Horizontal and Vertical Restrictive Arrangements

Doron Afik, Esq.
October 28, 2015

A restrictive arrangements that was not preapproved by the Antitrust Tribunal is a criminal offense of all parties to the arrangement. Additionally, criminal liability is attached also to directors and officers of corporation who are parties to such arrangement. The Israeli Antitrust Law defines a restrictive arrangement very broadly to include any arrangement "entered into by persons conducting business, according to which at least one of the parties restricts itself in a manner liable to eliminate or reduce the business competition between it and the other parties to the arrangement, or any of them, or between it and a person not party to the arrangement." The term "arrangement" is also defined very broadly defined to include any arrangement " whether express or implied, whether written, oral or by behavior, whether or not legally binding." The Courts construed such definition to include any coordination between people whose purpose is to create a restriction on competition and as such does not require the showing of intention to agree or specificity as usually required to form a binding contract. Moreover, for a restrictive arrangement to exist only a very low level of coordination between the parties is required and there is no requirement for an explicit agreement. An arrangement imposed by one side on the other will be considered as a restrictive arrangement.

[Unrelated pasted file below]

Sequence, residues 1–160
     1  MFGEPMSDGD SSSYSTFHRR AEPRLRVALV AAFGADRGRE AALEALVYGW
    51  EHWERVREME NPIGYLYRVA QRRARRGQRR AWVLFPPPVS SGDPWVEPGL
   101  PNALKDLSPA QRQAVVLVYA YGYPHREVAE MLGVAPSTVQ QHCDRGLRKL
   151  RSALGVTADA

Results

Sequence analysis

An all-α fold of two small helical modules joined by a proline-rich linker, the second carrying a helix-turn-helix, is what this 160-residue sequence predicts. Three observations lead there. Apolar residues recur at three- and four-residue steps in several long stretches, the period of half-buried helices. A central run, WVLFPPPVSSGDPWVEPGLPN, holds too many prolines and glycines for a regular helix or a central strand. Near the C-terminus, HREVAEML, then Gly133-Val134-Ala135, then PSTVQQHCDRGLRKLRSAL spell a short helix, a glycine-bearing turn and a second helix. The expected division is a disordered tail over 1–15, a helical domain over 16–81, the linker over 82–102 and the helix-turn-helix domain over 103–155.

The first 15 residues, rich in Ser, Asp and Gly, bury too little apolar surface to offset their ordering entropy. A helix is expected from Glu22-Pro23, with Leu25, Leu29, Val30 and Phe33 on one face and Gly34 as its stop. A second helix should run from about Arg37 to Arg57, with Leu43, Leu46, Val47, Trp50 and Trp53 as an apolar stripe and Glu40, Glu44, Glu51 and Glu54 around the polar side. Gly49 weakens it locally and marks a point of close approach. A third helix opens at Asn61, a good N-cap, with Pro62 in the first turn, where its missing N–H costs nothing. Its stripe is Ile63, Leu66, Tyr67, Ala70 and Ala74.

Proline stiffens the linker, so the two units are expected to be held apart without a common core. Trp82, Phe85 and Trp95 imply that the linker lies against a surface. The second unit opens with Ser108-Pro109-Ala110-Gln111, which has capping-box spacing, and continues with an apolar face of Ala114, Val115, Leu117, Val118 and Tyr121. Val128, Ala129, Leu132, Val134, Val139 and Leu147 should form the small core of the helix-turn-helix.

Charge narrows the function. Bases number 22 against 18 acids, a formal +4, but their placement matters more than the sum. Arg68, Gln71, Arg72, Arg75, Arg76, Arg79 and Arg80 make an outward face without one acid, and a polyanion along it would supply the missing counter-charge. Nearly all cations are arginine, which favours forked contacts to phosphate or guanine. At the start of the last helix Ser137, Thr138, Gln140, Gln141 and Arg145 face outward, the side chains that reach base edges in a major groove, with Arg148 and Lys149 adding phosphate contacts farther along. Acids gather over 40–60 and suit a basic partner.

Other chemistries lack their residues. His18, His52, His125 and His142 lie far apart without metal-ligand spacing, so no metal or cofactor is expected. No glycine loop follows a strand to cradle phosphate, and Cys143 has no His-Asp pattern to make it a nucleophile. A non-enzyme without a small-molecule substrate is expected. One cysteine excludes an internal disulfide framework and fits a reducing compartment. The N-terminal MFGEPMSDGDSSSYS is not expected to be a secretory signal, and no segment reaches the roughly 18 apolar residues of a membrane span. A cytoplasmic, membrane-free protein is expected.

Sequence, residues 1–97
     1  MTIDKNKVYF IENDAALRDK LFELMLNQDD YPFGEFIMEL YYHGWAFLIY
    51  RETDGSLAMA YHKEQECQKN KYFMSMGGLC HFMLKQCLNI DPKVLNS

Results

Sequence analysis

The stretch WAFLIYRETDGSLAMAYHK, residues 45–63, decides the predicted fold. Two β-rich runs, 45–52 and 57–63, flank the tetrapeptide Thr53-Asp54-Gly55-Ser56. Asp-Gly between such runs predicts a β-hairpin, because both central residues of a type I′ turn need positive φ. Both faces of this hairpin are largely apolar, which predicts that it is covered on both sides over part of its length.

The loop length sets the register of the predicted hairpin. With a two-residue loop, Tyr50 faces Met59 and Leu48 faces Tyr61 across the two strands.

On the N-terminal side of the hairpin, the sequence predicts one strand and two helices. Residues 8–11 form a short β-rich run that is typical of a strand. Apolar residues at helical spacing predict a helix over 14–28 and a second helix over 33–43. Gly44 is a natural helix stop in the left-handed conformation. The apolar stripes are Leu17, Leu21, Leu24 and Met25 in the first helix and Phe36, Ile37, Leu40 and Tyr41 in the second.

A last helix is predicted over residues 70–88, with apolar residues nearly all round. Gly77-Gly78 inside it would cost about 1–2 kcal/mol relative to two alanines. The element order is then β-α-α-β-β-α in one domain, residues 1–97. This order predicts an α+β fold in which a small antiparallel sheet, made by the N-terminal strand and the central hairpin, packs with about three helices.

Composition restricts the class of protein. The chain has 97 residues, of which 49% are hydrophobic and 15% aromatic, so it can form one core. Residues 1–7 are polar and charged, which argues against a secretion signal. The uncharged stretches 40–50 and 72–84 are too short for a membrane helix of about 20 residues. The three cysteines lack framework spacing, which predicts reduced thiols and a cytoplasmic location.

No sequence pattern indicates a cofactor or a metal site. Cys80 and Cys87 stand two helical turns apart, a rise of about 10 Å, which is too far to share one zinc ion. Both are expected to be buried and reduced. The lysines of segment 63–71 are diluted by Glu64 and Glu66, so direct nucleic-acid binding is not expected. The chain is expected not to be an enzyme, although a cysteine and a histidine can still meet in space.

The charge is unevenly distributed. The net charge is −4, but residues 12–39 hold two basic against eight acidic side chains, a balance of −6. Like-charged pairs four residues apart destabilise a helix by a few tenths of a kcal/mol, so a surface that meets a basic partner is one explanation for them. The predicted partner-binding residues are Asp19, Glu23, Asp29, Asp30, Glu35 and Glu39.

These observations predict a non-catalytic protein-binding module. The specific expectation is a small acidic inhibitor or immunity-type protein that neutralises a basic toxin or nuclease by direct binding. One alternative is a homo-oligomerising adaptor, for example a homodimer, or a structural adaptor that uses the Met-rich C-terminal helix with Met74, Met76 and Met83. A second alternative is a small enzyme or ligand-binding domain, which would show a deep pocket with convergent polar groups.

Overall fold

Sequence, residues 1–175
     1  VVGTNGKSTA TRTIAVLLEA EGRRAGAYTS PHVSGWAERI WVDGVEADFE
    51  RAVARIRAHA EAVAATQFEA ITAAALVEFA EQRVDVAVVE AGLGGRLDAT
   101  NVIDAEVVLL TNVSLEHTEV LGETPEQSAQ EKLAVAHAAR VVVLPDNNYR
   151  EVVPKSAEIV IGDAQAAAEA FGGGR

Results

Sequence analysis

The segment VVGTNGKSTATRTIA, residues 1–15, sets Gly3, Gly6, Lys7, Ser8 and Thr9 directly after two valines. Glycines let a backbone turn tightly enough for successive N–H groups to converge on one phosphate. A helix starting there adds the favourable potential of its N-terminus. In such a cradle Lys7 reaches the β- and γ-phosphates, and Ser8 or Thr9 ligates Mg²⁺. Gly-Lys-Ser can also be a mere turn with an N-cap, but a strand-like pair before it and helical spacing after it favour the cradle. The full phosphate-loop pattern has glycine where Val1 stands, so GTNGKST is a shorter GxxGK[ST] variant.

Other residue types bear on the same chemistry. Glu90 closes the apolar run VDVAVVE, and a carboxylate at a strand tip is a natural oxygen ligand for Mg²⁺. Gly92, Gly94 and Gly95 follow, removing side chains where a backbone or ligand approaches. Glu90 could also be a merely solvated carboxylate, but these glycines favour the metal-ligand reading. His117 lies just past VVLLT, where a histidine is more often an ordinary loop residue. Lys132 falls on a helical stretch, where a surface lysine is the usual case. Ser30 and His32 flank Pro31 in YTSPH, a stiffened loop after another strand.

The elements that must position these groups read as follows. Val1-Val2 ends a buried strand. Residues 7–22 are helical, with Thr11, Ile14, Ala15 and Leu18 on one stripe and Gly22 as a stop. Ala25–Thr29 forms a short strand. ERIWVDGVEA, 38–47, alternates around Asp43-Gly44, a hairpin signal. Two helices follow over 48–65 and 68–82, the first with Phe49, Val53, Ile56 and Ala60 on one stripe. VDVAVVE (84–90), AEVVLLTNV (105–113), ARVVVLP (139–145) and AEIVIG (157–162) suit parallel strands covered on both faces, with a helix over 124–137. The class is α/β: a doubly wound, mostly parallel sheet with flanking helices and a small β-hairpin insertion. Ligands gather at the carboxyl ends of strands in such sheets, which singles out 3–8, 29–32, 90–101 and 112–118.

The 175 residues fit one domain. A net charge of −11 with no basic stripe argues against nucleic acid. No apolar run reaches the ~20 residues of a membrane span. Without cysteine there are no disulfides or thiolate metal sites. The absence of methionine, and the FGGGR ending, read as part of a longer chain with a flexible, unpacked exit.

In case of Supersal the Supreme Court held in August, 2015, that a vertical arrangement (i.e. not "horizontal agreement" between competitors but an arrangement between two entities that are one above the other in the marketing chain, such as a supplier and a distributor) may be a restrictive arrangement. For example, an arrangement between a supplier and a distributor under which the distributor receives exclusivity or under which a minimum or a maximum price is dictated. The test is whether the restraint undertaken by the parties damages the competition, even if the damage is indirect, by binding a third party to the arrangement, even if such third party is not in the same market in which the parties to the arrangement are.

In the case of Supersal the Supreme Court considered whether there is a difference between a vertical restrictive arrangement and a horizontal one and held that Article 2(b) of the Antitrust Law specifically defines as a restrictive arrangement any arrangement involving a restraint relating the price to be demanded, offered or paid, the profit to be obtained, division of all or part of the market, according to the location of the business or according to the persons or type of persons with whom business is to be conducted or the quantity, quality or type of assets or services in the business. However, the Court held that these prohibitions shall apply only to horizontal arrangement and will not apply to vertical agreements.

Either way, a restrictive arrangement is not only unenforceable but also constitutes a criminal offense not only of the corporation but in certain caes also of its managers and therefore it is of high importance to be accompanied by an attorney who is knowledgeable in this area of law in order to avoid a situation where the other party is released from the agreement due to its illegality or a situation in which criminal liability of the corporation or its directors will be attached.